Secretary of Education Betsy DeVos’s statements last month signaled the current administration’s interest in curtailing standards and expectations for managing and responding to campus sexual assault spelled out in the 2011 “Dear Colleague Letter.” State laws like New York State Education Law 129-B (the 2015 “Enough is Enough” legislation) and the federal VAWA (the 1994 Violence Against Women Act) provide some protection against efforts to significantly relax federal standards. About half of New York’s 129-B law is devoted to due process and equity of process, the basis for much of the criticism Secretary DeVos has voiced. Our best guidance to date from SUNY legal counsel is that no immediate change is expected, even as we continue to monitor developments. This past summer’s audit showed our campus in full compliance with expectations of “Enough is Enough” legislation, reflecting our continuing commitment to uphold the highest standards of policy and practice. Congratulations to the Student Affairs and HR, Diversity and Inclusion staff who worked hard to achieve this outcome. There will be no change in our commitment to the campus’s Consensual Relations Policy approved last spring. That local policy bars romantic or sexual relations between employees and students when a power differential exists.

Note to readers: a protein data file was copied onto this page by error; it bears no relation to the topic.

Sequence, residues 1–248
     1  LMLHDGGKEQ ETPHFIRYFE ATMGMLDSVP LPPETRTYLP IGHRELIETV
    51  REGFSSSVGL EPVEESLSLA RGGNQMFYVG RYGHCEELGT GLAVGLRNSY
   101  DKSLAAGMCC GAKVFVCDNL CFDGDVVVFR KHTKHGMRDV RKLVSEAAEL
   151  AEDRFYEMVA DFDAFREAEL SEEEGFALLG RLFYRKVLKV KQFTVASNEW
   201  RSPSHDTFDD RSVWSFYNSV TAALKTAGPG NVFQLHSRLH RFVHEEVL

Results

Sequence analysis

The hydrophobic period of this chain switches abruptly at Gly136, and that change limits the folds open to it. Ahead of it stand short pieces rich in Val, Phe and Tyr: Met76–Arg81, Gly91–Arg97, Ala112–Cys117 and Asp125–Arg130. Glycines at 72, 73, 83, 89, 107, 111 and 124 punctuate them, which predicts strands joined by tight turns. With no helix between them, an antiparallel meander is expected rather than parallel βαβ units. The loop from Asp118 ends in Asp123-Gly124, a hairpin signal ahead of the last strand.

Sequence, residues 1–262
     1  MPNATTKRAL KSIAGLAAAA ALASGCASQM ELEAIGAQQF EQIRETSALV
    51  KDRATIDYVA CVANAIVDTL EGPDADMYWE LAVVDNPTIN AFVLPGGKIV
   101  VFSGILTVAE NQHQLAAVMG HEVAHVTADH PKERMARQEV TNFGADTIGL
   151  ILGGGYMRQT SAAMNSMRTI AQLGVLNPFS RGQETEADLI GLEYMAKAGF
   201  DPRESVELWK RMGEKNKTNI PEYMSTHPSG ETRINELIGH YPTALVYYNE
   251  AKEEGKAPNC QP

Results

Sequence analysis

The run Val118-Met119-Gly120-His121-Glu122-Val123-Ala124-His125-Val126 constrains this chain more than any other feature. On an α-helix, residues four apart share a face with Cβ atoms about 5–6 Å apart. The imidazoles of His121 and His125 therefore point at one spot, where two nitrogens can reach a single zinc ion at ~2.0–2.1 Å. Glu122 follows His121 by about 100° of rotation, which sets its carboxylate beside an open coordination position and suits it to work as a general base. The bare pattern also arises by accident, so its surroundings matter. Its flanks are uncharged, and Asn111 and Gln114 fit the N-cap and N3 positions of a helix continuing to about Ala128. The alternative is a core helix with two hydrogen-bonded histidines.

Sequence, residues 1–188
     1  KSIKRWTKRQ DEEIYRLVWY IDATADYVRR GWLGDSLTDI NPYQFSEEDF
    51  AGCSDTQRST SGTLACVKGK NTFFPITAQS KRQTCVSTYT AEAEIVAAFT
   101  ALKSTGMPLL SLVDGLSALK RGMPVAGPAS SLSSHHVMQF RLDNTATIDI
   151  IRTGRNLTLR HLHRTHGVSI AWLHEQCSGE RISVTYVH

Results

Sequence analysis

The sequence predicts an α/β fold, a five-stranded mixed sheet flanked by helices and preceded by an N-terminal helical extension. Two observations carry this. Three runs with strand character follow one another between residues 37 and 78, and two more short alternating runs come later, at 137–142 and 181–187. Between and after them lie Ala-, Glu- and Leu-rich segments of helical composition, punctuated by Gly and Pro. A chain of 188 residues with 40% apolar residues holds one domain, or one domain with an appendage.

We are all aware of the Trump Administration’s announcement on September 5 that it would end the Deferred Action on Childhood Arrivals (DACA) program in six months. I know that many faculty and staff have been supporting students who will be affected by these changes. SUNY has updated the Frequently Asked Questions on Immigration Policy and Law Relating to Students to include the DACA update information (https://www.suny.edu/immigration/faq/). Higher education groups like the American Association of State Colleges and Universities have been working to address the plight of “Dreamers” through congressional action. I have signed on to a letter developed by the American Council on Education being sent this week to Republican and Democratic leadership in the House and Senate. This letter, carrying signatures of more than 400 institutional leaders, reminds them of survey results showing that 62% of Americans say it is extremely important for Congress to pass legislation to address this issue. The letter also cites survey results that 69% of adults support allowing these individuals to stay in the United States if they arrived as a child, completed high school or served in the military and have not committed a serious crime. We will continue our efforts to influence the outcome of these federal actions.
I look forward to seeing you at this week’s meeting, where I will be happy to respond to your questions. Be sure to join us to recognize Dr. Susan Lewis of the History Department as we present her with her Chancellor’s Award for Excellence in Teaching.
Donald P. Christian